What a beautiful summer we are having! We haven't reached triple digits yet, and besides a couple of warm days, it has not felt like Florida. While those of you that like to lay out on a beach towel and turn brown may not like it, the plants in the ground really have. It has also helped keep the Japanese beetles in check, though they are starting to come out of the woodwork now. The gardens here at Midwest Groundcovers are really looking nice. It's been fun to go from arid landscapes of California to the lush greens and flowers of Illinois. I especially love driving by the prairies right now to enjoy the Monarda fistulosa and Ratibida in bloom. The native landscape of the Midwest is truly something we take for granted. Here I am talking about the greatness of our natives, and below I have no native plants. Shame on me. Next week, I'll focus on them. So for those of you getting ready to go the PPA Symposium, have a great time. Hopefully St Louis won't be absurdly hot. Here are the plants I want to share with you today.
Lobelia 'Monet Moment'
Several years ago, I encouraged Elfego Machuca to do some accession forms and find plants he thought we could sell a lot of. This is one he picked. It is a beautiful version of Lobelia with bright pink blooms. These have been in the landscape for several years now and keep coming back. If you don't have room for red in the garden, here is a lighter color that works well with anything. These are now available. Try them out for yourselves!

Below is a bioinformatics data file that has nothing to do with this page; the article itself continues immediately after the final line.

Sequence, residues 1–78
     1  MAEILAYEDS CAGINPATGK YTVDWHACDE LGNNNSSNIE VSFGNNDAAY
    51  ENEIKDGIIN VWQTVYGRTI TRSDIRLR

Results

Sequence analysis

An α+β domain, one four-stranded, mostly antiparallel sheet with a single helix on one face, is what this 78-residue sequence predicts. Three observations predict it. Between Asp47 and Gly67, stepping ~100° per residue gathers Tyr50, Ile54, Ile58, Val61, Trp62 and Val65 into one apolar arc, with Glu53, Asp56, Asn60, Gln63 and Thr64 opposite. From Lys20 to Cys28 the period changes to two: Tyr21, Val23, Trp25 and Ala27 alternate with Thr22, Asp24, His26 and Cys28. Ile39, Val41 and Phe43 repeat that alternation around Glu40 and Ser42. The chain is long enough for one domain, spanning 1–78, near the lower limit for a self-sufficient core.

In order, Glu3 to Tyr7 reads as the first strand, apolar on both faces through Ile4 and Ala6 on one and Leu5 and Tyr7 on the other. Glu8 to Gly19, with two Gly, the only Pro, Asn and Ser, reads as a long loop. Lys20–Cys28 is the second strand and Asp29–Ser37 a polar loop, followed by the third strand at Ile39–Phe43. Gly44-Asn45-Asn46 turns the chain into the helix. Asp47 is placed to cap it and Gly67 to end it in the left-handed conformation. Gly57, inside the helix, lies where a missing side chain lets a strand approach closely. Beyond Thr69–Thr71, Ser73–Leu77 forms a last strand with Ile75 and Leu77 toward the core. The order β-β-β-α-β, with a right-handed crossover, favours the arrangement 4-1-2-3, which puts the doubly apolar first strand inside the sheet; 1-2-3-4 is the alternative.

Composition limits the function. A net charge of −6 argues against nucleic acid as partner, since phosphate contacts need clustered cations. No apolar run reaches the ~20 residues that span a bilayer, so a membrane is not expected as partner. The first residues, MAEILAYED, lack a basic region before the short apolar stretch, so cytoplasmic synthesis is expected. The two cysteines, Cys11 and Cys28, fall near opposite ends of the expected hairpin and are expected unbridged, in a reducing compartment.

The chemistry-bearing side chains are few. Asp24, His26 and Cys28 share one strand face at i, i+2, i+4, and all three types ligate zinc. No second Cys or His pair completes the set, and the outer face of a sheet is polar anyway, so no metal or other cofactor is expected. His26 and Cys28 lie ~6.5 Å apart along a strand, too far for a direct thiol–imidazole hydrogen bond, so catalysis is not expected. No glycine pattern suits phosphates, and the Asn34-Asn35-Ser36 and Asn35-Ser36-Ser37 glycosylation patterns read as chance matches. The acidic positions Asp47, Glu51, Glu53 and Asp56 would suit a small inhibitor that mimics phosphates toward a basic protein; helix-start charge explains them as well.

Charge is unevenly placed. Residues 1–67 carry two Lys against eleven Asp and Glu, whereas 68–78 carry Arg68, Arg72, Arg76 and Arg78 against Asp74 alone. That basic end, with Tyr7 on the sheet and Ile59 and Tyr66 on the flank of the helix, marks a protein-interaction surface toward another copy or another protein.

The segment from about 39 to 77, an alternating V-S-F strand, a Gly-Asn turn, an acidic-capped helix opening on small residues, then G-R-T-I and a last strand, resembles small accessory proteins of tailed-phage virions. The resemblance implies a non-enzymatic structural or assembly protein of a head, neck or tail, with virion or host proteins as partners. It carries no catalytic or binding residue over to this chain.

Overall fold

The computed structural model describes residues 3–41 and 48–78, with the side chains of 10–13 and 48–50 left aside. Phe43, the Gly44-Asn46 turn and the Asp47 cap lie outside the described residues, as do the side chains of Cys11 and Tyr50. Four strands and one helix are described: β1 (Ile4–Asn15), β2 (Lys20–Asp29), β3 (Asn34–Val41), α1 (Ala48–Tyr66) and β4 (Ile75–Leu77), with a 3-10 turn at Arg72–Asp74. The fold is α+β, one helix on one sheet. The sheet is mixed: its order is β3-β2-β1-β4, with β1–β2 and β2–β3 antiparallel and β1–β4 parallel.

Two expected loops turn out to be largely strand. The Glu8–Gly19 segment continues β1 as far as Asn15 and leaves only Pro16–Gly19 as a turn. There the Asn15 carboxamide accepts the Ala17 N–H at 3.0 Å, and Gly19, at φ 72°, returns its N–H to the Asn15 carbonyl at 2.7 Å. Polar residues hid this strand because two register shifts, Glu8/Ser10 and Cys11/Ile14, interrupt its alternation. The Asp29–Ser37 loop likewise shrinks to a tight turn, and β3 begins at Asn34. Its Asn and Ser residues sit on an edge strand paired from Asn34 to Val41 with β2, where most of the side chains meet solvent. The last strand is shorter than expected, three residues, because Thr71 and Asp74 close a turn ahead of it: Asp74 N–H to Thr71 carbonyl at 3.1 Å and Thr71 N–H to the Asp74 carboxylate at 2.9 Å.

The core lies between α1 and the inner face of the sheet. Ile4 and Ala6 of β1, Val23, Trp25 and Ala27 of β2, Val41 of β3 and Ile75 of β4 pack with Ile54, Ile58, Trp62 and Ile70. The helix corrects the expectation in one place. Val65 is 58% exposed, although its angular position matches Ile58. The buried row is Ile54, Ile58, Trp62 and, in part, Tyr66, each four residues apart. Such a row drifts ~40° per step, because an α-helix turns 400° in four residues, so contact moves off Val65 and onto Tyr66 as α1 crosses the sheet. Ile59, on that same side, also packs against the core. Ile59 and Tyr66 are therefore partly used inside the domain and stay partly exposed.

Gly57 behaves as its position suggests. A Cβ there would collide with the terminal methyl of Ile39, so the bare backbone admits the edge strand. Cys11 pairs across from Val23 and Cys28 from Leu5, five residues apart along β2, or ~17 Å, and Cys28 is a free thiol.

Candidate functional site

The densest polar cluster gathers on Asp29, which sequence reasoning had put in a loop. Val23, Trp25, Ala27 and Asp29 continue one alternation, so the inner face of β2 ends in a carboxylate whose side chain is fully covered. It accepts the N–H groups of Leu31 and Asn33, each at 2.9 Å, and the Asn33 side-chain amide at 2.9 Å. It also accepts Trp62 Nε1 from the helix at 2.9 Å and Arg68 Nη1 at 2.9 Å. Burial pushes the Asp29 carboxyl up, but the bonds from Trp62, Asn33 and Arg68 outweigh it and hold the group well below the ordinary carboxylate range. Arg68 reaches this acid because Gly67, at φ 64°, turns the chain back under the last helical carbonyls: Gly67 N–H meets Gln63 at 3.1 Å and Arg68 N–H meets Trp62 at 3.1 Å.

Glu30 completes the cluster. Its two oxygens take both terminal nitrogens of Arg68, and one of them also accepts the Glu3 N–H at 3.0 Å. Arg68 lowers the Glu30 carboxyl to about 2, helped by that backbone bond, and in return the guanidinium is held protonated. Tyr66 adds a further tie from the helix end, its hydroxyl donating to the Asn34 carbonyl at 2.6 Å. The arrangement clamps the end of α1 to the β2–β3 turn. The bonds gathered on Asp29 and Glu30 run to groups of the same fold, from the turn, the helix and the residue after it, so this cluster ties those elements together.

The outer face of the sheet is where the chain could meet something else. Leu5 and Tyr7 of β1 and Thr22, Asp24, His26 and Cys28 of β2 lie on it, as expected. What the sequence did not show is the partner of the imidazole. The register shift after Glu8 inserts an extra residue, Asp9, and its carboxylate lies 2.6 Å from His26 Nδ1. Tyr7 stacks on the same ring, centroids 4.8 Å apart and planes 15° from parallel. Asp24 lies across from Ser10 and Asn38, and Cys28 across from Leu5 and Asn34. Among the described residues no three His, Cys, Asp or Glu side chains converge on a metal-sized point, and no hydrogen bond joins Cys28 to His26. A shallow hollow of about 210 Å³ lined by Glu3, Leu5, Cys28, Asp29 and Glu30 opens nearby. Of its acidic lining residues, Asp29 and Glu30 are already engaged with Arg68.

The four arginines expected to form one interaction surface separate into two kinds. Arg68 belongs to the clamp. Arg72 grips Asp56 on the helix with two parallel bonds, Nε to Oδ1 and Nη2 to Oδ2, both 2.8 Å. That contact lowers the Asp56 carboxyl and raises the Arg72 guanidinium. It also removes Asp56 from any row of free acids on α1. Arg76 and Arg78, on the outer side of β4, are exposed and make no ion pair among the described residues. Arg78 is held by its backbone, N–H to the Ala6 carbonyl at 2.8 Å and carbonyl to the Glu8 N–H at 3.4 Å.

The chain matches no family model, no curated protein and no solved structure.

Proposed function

Coreopsis 'Heaven's Gate'
I have to admit that when we started growing this, I wasn't positive that this would live. We've been through the Limerock Ruby fiasco, and so many other interesting Coreopsis have flooded the market with questionable hardiness. This one however is a plant that overwintered in our landscape and looks very good. For those of you looking for a pink Coreopsis, this is your best bet.
Echinacea 'Pica Bella'
As much as I try to not be smitten with Echinacea, every year I fall in love again. This one is perhaps my favorite. Don't hold me to that, as my opinion could change tomorrow. But for now, the size and color of this plant coupled with it's performance in the garden make this a keeper. Bright flowers with very clean foliage. It's a plant that won't disappoint. To top it off, they have dark stems. What more could you ask for?
Leucanthemum 'Phyllis Smith'
Here is a plant that is currently only a trial. I really like the frilly flowers, but I'm not sure if there is a market for it. You can help us decide by letting us know if you like it or not. Make comments on the phone when you call, or drop me an email and let me know what you think. In comparison to others in my trial, it holds up as well as 'Becky'!
x Heucherella 'Alabama Sunrise'
We've been watching our Heuchera and Heucherella very closely in the landscape to see which would perform the best. For the chartreuse varieties with red veination, there is no better then 'Alabama Sunrise'. In fairly deep shade, the colors are still very nice. And the plants are much more robust than the others. The tour group yesterday liked this one most.